Societal issues play a role in the gun control debate

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Societal issues play a role in the gun control debate

Politicians wishing to argue rather than listen have lead to detrimental consequences at the expense of American citizens.

Politicians wishing to argue rather than listen have lead to detrimental consequences at the expense of American citizens.

Avery Li

Politicians wishing to argue rather than listen have lead to detrimental consequences at the expense of American citizens.

Avery Li

Avery Li

Politicians wishing to argue rather than listen have lead to detrimental consequences at the expense of American citizens.

Kelly Tran

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Guns have been embedded in the culture and society of America since the founding of the United States. They are enshrined in our Bill of Rights. No one can deny that guns have become a pivotal aspect of the American identity. They have come to define our “Wild West” mentality and has become synonymous with the idea of freedom. Guns and America go together. While some would argue guns have failed people, it should be argued that government has failed people. 

The Centers for Disease Control reports that in 2017, 39,773 people died from firearm-related injuries. Roughly 23,000 of those deaths were firearm-related suicides, while 14,000 of those deaths were firearm-related homicides. The Second Amendment determines that the American peoples’ right to bear arms will not be infringed. It was built to protect people from others and more importantly, to protect people from the government. So has it failed to protect us? Some would say no. 

“I don’t think the Second Amendment has failed,” said Speech and Debate coach Mario Herrera. “I think people have failed.”

Guns are often used as a scapegoat by certain political parties to hide the structural problems that are ingrained in American culture and society. These problems include the rise of hate groups, the stigma surrounding mental health and the separation of domestic and international terrorism. Some Democrats demand that guns must be restricted to warrant people from hurting people, but when have Democrats addressed restricting guns to protect people from our own minds?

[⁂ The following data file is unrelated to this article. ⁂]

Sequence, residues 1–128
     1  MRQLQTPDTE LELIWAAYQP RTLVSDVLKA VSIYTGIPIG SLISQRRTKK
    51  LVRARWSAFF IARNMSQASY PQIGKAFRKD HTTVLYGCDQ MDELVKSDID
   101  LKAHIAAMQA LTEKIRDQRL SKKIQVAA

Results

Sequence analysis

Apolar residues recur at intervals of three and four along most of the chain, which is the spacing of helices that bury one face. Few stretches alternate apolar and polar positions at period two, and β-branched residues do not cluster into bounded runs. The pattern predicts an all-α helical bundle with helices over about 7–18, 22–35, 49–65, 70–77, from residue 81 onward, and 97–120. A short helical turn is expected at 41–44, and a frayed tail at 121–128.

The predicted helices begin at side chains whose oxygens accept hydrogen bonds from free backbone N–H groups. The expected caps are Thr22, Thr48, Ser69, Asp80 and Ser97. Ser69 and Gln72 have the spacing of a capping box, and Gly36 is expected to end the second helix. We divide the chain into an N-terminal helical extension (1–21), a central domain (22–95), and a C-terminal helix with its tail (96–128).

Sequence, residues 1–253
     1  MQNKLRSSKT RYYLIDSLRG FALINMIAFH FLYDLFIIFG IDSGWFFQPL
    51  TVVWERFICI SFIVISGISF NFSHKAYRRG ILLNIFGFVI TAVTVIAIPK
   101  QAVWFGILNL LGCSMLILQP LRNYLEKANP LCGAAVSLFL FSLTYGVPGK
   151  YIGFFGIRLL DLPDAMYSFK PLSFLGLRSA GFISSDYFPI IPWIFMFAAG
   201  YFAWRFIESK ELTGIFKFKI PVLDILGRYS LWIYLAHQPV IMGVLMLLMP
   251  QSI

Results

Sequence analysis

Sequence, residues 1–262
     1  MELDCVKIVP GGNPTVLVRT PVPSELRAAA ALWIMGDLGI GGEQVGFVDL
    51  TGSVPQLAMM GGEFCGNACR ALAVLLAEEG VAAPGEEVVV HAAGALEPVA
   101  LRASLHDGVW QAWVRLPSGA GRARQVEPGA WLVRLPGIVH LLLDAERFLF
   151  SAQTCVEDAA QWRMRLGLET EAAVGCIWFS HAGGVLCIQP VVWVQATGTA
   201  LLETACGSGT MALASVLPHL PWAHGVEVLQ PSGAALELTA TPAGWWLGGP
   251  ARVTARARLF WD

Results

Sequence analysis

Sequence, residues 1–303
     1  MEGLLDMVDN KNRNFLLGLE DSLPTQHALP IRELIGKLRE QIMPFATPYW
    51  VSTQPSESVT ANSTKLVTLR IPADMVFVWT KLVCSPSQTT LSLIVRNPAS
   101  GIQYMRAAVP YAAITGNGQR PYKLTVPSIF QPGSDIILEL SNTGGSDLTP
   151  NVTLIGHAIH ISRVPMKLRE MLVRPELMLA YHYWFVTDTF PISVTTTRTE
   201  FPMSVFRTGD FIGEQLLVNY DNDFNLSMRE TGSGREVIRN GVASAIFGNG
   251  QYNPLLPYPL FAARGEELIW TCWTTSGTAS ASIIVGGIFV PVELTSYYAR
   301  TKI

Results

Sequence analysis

“Mental health is a problem that we need to discuss,” said Sandy Springs City Attorney Dan Lee, who regularly deals with politics at the Georgia capitol building. “It’s a vague spectrum, and so the question becomes wherein the spectrum would you have to fall for your liberty to be affected?” 

This avoidance of the discussion of hatred, mental health and other systemic issues has fundamentally impacted how we view guns in our country. We have reaffirmed our beliefs with our political affiliations time and time again, and have deafened ourselves from hearing the other sides and the other perspectives that surrounds gun control. Our personal biases and stereotypes have blinded us from progress. Policy is about the give and take. In this case, both sides have refused to give, or even listen. In part, the government has failed us, but we have also failed ourselves. 

Our desire to speak rather than to listen has cost us lives. It has cost us valuable education on guns. It has caused us to become misinformed, biased, and ignorant. The forceful grip we have on our own stances has caused the government to fail us, has caused us to fail ourselves, and more importantly has caused us to fail each other. Our biased perceptions have caused us to fail 

“There is a philosophical, political divide in this country,” Herrera said. “You have one side that says we need as little government as possible and the other saying the government can do good. These sides don’t coexist. And since everyone is so sure they are right, there is no reason to have a discussion.”

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